I can still hear the gravel voice of Marlin Vis: “There’s no better way to understand the Text than by hearing it on the Land. In the biblical text, the Land is so vital, it’s almost a character in the stories.”
Those words sunk deep in me when I heard them while in Israel and Palestine several years ago. So I didn’t want to miss the chance to hear the Text on its own soil again, as I traveled to Athens, Greece, a few weeks ago.
I’d been invited, together with a colleague, to visit with one of our church’s international partners, a burgeoning network of church plants mothered by First Church, the oldest Protestant church in that historic city.
I’d been there a few days, and couldn’t resist the allure of all the architecture and history just up the hill from the neighborhood where I was staying. One of my hosts mentioned that the area where I was would have once housed many of Athens’ philosophers and civic leaders, who’d make that steep walk up and back from the Acropolis day by day.
During some down time between meetings, I wandered to the Acropolis Museum, summited the religious landmarks, and walked around the rocky outcrop of the Areopagus, reflecting on the daring proclamation by St. Paul atop that same hill two millennia ago that we have recorded in Acts 17.
Contact / Challenge
You can still see the rough, carved out hollows. They pockmark the craggy slopes of the Acropolis, where they once would have been the stone real estate for innumerable Athenian shrines. The archeological museum nearby exhibits a staggering collection of carvings and statues depicting myriad gods, goddesses, and mythical creatures.
Acts 17 depicts Paul taking this scene in, and coming upon one such shrine dedicated “To An Unknown God.” It’s striking to me, as I sit and read Paul’s speech, that he — a dyed-in-the-wool Jew — begins his speech to the pagan Athenians, not by condemning their idolatry, but by finding points of contact between the Christian story and their own: “Let me tell you about Who you’re worshipping. . .” (17.23) He then even goes on to quote the Greeks’ own poets back to them (17.28).
Having made points of contact, Paul then challenges their idolatry and summons his hearers to respond to the crucified and risen Lord of the whole world.
The great missiologist Lesslie Newbigin observes that both of these two elements — contact and challenge, affirmation and confrontation — are necessary for a culture to experience the Gospel in a transformative way. He writes in The Open Secret that the Church “must communicate [the Gospel] in in the idiom of [every] culture both the divine good that sustains it and the divine purpose that judges it and summons it to be what it is not yet.” This posture, which he calls “challenging relevance,” offers the Church a way in the world that avoids toothless cultural assimilation on the one hand, and the ultimate irrelevance of sectarian fundamentalism on the other.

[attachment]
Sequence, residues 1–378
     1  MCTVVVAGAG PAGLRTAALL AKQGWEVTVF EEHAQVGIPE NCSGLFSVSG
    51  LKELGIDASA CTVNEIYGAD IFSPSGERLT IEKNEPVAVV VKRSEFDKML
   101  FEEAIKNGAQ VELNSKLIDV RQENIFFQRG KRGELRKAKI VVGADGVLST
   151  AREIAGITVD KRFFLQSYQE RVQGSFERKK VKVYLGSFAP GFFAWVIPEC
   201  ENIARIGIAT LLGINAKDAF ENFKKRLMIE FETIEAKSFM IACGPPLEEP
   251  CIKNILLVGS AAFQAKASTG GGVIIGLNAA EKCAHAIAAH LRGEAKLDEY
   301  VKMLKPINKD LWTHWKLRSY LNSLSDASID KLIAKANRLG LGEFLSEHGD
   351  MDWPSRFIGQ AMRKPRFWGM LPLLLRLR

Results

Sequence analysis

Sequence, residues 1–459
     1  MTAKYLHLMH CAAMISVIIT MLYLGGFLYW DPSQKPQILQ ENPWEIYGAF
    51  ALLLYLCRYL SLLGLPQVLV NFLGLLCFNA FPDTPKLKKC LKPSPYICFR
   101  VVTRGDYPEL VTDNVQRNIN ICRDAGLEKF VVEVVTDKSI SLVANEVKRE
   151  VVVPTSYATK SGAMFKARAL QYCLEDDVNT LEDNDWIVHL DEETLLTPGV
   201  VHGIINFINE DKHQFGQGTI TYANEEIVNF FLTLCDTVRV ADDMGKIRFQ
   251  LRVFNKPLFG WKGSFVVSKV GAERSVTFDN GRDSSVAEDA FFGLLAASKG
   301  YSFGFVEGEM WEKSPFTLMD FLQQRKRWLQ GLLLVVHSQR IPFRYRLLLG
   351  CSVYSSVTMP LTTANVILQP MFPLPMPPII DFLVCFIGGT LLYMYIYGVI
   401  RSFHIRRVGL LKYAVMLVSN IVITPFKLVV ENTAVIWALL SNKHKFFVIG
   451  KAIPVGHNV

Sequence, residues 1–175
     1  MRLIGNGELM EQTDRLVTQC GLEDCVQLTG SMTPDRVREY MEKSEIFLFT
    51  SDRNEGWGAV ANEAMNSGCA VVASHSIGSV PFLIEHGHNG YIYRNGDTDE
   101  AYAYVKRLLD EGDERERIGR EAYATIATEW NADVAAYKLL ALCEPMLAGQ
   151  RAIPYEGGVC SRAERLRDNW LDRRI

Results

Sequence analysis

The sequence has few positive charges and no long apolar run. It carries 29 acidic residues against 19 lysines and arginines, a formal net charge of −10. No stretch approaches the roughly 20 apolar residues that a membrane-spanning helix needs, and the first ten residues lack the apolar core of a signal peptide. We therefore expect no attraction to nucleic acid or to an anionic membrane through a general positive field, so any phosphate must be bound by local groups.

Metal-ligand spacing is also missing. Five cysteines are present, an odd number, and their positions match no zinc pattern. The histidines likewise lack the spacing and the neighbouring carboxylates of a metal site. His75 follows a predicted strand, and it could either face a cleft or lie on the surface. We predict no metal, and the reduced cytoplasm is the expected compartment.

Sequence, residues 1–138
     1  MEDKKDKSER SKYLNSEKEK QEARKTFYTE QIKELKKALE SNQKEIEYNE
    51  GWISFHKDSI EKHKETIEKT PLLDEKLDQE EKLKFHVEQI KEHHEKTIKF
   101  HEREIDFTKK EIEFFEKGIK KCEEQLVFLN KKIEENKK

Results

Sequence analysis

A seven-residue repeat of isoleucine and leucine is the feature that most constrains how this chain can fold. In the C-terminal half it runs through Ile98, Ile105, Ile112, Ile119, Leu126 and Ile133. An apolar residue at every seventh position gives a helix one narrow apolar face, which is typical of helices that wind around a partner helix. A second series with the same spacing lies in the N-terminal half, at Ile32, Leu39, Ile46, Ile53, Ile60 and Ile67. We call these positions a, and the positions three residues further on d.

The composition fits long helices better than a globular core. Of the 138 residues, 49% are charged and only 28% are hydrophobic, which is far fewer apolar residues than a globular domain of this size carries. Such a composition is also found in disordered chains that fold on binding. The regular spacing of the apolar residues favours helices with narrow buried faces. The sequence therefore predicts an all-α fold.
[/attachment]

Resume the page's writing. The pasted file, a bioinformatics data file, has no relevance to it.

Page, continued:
Unity / Flexibility
I sat at the base of the Acropolis, reread Acts 17, and paged through the accounts of Paul’s other travels. As Paul held forth where I now sat, he certainly saw it as his task to hand on an unchanging Gospel announcement. Elsewhere, he’d fume to the Galatians, “if even an angel of heaven preaches a different gospel than the one you heard from me, let them be accursed!” (Galatians 1.9)
Here’s the thing: Paul never seemed to proclaim that one, unchanging message the same way twice. As I paged through Acts and read Paul’s missionary speeches, I noticed that no two were alike. He and his fellow church leaders constantly adapted the way that they unfolded the Good News, depending on the culture of the people they were among.
This cultural adaptability, married to its unchanging core message, has made Christianity, two millennia later, the world’s lone truly global faith. The biblical scholar Richard Bauckham, in his Bible and Mission lectures, notes that “almost certainly Christianity exhibits more cultural diversity than any other religion, and that must say something about it.” Indeed it does.
According to recent Pew Research data, 90% of Muslims today live in a geographical band from southeast Asia to the Middle East and North Africa; 95% of all Hindus live in India and immediate environs; and 88% of the world’s Buddhists reside in Asia. By contrast, about 25% of the world’s Christians live in Europe, 25% live in central and southeast Asia; 22% reside in Africa; 15% in Asia, and 12% call North America home.
Having re-heard Paul’s Athens address on its own soil, I’m still marveling at the paradox of the Gospel. This announcement of the invisible God made visible in the risen Jesus, two thousand years on, has spread the globe so entirely that there I was, two thousand years after Paul’s visit, visiting from a then-unknown part of the world, reading Paul’s words in a language not yet invented. And yet as I shared the soil from which Acts 17 comes, I felt a deep sense of having been claimed by that same resurrection news announced millennia ago to the culturati of a now-extinct society.